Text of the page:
What the Heck is a “Firefall?”
…And How Do I See Yosemite’s?
Demystifying the fleeting orange glow of Horsetail Fall in late-February, and shedding light on the story’s strange origin
On odd nights during the tail-half of February, when conditions align just right, Horsetail Fall sets itself on fire.
Sheets of snowmelt wisp into the abyss to summon the last rays of the dying day, and a natural phenomenon roars to life. These aberrant evenings, when conditions are just right, a sliver of El Capitan stretches out to catch the sun and casts its reflection through the fleeting plumes of Horsetail Fall, setting it aglow in one of earth’s most majestic and elusive light shows.
It’s as real as any view in Yosemite, but it’s not actually a fall of fire. In fact it’s quite the contrary. But from a western vantage in the valley without context, it’s near impossible to ignore the resemblance its glowing curtains bear to another, less phenomenal fall of fire.
Behold: a unicorn of natural phenomena, and the jackpot on every scenic photographer’s bucket list.
How Do I See The Firefall For Myself?
It may be a long, wintery wait if your goal is to snap a selfie with Horsetail Fall in all its illuminated glory.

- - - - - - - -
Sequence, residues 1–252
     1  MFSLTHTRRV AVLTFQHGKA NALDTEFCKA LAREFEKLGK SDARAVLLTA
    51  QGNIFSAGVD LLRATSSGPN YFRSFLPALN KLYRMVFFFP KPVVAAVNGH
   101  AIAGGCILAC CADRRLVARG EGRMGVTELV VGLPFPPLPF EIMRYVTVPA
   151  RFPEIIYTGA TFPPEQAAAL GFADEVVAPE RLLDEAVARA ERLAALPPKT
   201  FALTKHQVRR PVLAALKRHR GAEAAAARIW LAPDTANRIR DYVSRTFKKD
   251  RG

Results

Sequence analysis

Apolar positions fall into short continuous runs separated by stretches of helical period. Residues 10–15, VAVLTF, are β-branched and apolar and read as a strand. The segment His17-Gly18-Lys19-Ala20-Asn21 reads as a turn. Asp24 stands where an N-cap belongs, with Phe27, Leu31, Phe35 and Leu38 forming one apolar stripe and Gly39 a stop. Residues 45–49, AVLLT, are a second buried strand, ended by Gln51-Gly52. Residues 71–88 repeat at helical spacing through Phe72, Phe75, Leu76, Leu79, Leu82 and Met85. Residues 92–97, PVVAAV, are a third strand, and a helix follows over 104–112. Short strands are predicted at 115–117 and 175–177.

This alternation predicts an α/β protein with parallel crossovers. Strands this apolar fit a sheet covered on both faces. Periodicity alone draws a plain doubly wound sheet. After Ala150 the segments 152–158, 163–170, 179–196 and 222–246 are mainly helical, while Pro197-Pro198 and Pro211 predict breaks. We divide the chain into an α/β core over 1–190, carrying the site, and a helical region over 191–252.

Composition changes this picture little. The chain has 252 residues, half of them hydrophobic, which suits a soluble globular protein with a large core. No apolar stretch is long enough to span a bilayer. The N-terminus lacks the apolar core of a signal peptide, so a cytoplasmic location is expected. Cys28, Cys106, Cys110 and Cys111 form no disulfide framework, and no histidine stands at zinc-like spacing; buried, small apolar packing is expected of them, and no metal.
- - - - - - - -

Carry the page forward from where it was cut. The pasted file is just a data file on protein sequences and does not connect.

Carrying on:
Every winter between mid- and late-February, hoards of tourist and photographers flock to the meadows below El Cap hoping to for the chance, but the fickle performance is known to turn crowds away disappointed.
Several conditions must synchronize to ignite the cascade. Chief among them—water must be flowing, which requires ample snowpack to feed its headwaters, and warm enough daytime temps to melt the snow so it flows into night. Next, the sky west of El Cap, as well as the air in the valley, must be perfectly clear.
A single cloud separating El Cap from the sun can smother the effect, and even a slight haze can dramatically dampen the display.
When these factors do align—the downing sun graces the horizon at just the right angle and El Cap wraps its eastern wall in a hulking, half-mile-high shadow, water billows full-bore from the Valley’s rim with not a visible blemish of vapor in the air, anyone in sight of El Cap’s eastern face can behold a precious view of mother nature’s serene magic trick. The show lasts for around 10 minutes, then disappears with the sun.
If you’re still dead-set on seeing the Horsetail Firefall in person, we have a few tips that will better your odds.
First, start monitoring snowpack levels in early winter, and get serious if snow is plentiful atop El Cap in late-January. Keep tabs on local river flow rates, and compare with previous years to determine the likelihood of seasonal fall activity. Monitoring the live webcam for Yos Falls is another great way to gauge conditions. If thing’s look promising by late-January, schedule a week off at minimum and make arrangements to visit Yosemite between Valentines Day and March 1—the window during which the Firefall is most likely to occur. According to Aaron Meyers a veteran Yosemite photographer who posts a calculated prediction for the best date/time to view the Firefall each year,